You may have seen a viral video of a little girl playing with her dad. He lifts and twirls her into gymnastic poses. It’s adorable. Or you may have seen any of the hundreds of videos, from a little girl watching Simone Biles on TV and mimicking her routine, to the little boys doing hand stands and back flips. You might even have your own memories of watching lithe athletes in sparkly uniforms, dancing and spinning with ribbons, ropes, and shimmering balls.
These gymnasts usually have petite, highly muscled bodies, and most are in their teens. Even the older ones seem youthful, because of their size and flexibility. It’s easy to see how kids would be drawn to this sport. But as the adult in their lives, you’re probably worried. You see this small-bodied wonders performing the types of jumps and flips that could break their limbs, backs, and necks. You watch them contort their bodies into seemingly inhuman positions. You don’t want to think of your precious little one risking their lives and health that way.
And yet, gymnastics has tons of benefits to your children’s bodies, minds, and sense of self. Let’s start with the basics. Depending on who you ask, there are between three and seven types of gymnastics:
1. Artistic (for women) – this includes four categories / events: vault, floor, uneven bars, and balance beam.
2. Artistic (for men) – this covers six events: parallel bars, horizontal/high bar, vault, floor, pommel horse, and still rings.
3. Rhythmic (for women) – these are floor exercises like spinning, twisting, and twirling, but they’re accompanied with rope, ribbons, hoops, balls, and clubs.
4. Trampoline – this involves competitive jumps, flips, and spins on a trampoline.
5. Tumbling – this kind of floor exercise is done on an extra springy floor, and it involves a running start followed by a succession of twists, spins, and flips.
Some classifications merge these categories, while others add acrobatic gymnastics (think of an acrobat troupe at a street show or circus), and group gymnastics, which uses regular gymnastic routines, but performs them as a team or unit. Rhythmic and artistic gymnastics can both include music and dance moves. They comprise complex routines of up to two minutes.
Tumbling can only be done in two passes, where one pass is running and flipping/twisting from one side of the floor to the other. At Olympic level, rhythmic gymnastics is only performed by female athletes, though male gymnasts are gradually signing up, notably in Spain and Japan. Gymnastics as a sport requires balance, strength, coordination, and agility.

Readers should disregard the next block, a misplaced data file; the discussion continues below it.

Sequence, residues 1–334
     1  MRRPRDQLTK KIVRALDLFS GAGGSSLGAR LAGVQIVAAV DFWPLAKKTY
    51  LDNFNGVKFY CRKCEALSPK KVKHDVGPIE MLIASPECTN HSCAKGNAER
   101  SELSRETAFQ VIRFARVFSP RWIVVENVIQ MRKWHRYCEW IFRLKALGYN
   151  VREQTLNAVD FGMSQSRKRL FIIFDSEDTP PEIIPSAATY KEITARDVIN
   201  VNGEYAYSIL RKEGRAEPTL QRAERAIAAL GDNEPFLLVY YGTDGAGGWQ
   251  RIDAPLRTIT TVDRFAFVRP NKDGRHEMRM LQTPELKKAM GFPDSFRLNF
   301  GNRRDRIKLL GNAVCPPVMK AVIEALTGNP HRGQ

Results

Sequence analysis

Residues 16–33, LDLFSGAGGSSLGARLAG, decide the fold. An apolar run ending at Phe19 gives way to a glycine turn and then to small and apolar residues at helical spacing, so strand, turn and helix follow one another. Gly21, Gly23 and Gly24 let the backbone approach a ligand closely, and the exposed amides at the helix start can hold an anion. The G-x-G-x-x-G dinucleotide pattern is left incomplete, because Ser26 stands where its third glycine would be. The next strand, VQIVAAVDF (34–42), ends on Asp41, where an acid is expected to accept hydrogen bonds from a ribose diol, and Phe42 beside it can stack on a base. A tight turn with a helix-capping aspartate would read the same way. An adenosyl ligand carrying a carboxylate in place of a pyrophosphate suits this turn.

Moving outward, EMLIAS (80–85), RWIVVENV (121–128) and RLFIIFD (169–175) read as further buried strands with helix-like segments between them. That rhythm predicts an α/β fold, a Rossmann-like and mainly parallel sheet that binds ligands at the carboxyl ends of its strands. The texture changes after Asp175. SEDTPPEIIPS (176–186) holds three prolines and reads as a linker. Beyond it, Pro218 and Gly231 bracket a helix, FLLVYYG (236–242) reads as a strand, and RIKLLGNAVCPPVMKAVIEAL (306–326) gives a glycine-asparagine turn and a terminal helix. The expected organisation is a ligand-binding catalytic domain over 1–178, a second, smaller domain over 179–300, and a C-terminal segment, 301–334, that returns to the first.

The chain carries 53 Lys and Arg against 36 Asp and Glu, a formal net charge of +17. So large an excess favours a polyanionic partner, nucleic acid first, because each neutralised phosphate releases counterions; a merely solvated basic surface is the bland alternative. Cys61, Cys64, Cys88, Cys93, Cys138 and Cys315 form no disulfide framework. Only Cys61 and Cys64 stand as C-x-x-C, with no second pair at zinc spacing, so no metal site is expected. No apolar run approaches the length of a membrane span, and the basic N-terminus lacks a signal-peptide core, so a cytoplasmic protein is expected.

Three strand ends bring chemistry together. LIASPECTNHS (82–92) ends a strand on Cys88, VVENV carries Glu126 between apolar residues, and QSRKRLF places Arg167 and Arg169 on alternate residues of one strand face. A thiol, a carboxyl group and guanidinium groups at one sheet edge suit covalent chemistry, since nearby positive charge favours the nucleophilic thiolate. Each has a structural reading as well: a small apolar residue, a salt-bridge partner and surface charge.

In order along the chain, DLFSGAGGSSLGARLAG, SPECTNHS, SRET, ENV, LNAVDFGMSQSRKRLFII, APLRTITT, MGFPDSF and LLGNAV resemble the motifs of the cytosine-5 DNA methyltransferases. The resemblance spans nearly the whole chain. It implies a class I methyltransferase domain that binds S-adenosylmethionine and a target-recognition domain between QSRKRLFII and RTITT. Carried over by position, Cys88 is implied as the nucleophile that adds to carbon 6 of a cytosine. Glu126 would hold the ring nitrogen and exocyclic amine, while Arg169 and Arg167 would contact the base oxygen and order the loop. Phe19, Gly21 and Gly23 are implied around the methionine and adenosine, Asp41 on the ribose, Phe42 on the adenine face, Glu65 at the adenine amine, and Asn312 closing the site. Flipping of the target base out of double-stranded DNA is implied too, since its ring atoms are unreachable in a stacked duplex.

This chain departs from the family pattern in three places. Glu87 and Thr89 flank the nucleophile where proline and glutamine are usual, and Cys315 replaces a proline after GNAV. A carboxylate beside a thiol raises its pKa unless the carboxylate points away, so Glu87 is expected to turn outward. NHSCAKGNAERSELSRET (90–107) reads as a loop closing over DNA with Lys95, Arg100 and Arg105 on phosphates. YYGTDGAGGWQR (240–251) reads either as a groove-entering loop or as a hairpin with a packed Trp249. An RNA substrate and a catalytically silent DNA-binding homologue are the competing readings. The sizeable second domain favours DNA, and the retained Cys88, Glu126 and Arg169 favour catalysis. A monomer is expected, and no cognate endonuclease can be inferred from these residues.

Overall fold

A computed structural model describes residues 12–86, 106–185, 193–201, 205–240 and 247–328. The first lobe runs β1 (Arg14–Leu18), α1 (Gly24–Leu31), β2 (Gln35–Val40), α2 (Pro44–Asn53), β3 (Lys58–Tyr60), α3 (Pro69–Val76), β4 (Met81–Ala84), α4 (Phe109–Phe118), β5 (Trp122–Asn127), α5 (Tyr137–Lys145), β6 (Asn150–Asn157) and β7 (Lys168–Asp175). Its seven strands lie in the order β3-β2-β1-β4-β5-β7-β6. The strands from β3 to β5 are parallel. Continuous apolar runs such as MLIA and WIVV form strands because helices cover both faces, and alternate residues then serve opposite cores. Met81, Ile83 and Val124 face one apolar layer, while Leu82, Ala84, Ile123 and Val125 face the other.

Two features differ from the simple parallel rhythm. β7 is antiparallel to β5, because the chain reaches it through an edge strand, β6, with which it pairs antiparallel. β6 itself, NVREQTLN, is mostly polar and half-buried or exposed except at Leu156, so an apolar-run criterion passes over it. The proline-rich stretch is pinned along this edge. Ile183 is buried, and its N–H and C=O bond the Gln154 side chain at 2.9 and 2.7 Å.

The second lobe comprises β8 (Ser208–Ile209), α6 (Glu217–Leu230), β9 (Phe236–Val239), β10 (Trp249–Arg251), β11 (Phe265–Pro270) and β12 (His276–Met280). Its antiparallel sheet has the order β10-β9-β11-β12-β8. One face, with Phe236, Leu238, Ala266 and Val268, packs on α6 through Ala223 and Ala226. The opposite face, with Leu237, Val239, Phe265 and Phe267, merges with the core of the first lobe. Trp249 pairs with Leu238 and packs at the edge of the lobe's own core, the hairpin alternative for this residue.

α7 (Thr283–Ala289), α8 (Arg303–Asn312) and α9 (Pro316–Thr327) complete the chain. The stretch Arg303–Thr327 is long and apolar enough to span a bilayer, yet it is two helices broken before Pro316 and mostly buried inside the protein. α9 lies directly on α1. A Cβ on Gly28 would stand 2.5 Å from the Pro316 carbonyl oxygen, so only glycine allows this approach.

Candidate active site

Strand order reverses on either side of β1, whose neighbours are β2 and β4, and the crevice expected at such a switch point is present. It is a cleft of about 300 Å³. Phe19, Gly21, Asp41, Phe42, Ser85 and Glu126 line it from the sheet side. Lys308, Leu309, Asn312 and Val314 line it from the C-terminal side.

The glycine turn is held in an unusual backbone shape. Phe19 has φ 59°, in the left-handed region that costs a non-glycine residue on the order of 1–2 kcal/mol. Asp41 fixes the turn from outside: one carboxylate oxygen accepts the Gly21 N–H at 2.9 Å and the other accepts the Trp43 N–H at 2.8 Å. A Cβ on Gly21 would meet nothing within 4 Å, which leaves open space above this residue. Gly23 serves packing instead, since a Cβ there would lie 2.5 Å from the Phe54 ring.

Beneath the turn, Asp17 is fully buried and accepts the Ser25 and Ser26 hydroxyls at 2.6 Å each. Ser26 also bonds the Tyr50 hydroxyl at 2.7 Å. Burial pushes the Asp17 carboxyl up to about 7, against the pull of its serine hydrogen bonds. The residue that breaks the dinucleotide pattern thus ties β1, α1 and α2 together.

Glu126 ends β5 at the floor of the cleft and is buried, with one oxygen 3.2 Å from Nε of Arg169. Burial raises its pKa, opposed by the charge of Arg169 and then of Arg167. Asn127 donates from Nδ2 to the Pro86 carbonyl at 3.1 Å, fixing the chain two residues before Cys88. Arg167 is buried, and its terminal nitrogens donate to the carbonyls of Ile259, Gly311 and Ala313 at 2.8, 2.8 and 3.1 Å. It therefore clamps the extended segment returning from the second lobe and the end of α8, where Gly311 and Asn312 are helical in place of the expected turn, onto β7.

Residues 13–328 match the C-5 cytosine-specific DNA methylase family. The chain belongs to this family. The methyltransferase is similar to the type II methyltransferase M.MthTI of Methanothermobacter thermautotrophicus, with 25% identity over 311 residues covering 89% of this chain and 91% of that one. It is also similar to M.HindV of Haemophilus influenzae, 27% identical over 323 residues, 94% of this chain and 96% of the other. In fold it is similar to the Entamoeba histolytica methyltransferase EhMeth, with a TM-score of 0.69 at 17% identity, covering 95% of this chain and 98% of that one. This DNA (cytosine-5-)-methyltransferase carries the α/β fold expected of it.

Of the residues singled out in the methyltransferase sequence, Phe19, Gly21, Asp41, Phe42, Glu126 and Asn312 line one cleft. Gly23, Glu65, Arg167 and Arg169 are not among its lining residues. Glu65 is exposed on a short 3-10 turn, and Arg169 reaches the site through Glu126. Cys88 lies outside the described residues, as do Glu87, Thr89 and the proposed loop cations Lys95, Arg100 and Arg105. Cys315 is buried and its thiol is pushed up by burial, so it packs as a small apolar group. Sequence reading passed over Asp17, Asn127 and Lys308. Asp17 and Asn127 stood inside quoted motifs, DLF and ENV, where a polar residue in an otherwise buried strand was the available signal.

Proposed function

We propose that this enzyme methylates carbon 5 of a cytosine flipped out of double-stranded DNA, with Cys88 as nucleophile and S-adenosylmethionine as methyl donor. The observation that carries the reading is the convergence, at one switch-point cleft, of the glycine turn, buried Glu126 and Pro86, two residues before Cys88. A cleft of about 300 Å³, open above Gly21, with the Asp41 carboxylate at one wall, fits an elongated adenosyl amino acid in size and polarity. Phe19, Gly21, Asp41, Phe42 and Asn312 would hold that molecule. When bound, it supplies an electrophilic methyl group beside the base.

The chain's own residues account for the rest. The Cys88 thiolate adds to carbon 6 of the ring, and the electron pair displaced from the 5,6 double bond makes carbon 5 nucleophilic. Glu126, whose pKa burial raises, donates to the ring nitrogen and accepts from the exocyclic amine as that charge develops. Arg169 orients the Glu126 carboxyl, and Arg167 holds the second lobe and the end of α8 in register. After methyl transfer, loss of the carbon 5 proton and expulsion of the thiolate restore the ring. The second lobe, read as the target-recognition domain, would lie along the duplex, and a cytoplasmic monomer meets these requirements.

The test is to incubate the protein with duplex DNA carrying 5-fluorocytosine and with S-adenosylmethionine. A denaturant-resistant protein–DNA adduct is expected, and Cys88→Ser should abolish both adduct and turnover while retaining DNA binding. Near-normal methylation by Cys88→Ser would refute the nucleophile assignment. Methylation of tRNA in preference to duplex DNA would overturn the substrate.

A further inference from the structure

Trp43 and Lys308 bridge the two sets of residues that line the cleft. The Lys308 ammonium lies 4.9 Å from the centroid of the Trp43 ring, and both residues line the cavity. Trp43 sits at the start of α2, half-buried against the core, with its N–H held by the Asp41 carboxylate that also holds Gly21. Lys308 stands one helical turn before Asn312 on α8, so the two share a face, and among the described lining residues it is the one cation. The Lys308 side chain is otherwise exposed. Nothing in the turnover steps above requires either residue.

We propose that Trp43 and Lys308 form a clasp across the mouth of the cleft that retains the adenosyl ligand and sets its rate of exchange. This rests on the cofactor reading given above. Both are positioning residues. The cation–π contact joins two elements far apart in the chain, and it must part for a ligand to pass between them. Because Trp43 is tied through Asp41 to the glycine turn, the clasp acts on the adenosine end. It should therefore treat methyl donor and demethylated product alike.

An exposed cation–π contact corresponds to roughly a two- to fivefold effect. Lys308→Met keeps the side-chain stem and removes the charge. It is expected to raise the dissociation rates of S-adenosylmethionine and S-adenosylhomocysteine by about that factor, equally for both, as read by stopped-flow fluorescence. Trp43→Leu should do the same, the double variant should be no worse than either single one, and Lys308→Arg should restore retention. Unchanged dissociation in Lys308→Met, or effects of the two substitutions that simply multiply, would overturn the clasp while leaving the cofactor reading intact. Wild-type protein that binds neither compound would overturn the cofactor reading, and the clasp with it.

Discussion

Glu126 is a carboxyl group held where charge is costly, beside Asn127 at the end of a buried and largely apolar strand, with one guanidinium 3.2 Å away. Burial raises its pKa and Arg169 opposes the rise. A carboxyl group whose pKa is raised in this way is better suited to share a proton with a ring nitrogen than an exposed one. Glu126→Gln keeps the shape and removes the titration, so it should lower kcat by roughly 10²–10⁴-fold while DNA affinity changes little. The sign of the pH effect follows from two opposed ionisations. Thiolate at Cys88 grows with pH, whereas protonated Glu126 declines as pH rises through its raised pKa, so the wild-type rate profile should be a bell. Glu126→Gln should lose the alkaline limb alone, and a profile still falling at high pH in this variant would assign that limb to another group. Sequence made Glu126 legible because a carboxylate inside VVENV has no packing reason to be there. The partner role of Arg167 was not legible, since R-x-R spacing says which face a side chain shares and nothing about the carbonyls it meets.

The mental component
More than physical attributes, gymnastics needs psychological toughness. The intense physical push, the repetitive routines, and the ability to push their bodies past perceived limits – these all start in the mind. In this way, joining a gymnastic club in Sydney can help young boys and girls develop discipline and focus. Some parents worry the competitive nature of the sport can be harmful. But knowing they can do things with their bodies that their playmates can’t … that’s a major confidence boost and greatly helps their self-esteem.
This can be especially helpful for teenagers. Their bodies are growing changing, and shifting in ways they don’t fully understand. An intensely present sport like gymnastics helps them use their bodies more comprehensively, acutely working each muscle, stretching every ligament, and getting comfortable with how they move and what they can do. Giving them bodily grace and control can be a tremendous gift to the typical gangly adolescent.
Gymnastics is also playful by nature – at least before the kids get into competitive circuits. And they don’t have to get their sport to that level, not if they don’t want to. Just watch your kids in public the next time you go out. See how they look up to playmates that can hand-stand, crab-walk, or cart-wheel. These are entry-level gymnastic techniques. So imagine how much happier your kids would be if they could make these moves themselves, using their own bodies.
The social element
Individual and team events are both key parts of competitive gymnastics. Whichever category they opt for, boys and girls train communally, allowing them to develop social skills. Whether they’re spotting for each other, cheering each other’s routines, chilling in the locker room, or car-pooling home, there are lots of opportunities for cordial interaction.
Kids practice together and can form healthy, strong, positive bonds with their gym-mates. As a bonus, gymnasts learn how to charm their audiences. Yes, they look intense and focused during their routines, but they also need to connect with the crowd and judges, so they learn how to be personable and inviting. They also learn presentation and performance, abilities that will help their everyday lives as well. So take a trip to your local gym and sign up.